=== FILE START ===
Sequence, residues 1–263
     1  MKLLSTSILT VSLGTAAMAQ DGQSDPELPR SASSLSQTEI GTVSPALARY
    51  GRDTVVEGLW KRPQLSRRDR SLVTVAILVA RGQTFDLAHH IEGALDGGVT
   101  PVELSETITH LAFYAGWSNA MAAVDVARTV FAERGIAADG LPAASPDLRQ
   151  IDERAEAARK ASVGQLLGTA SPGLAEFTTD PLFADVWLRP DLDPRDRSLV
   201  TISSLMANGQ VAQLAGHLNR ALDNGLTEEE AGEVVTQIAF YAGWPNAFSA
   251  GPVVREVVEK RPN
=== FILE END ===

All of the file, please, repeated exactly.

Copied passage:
Sequence, residues 1–263
     1  MKLLSTSILT VSLGTAAMAQ DGQSDPELPR SASSLSQTEI GTVSPALARY
    51  GRDTVVEGLW KRPQLSRRDR SLVTVAILVA RGQTFDLAHH IEGALDGGVT
   101  PVELSETITH LAFYAGWSNA MAAVDVARTV FAERGIAADG LPAASPDLRQ
   151  IDERAEAARK ASVGQLLGTA SPGLAEFTTD PLFADVWLRP DLDPRDRSLV
   201  TISSLMANGQ VAQLAGHLNR ALDNGLTEEE AGEVVTQIAF YAGWPNAFSA
   251  GPVVREVVEK RPN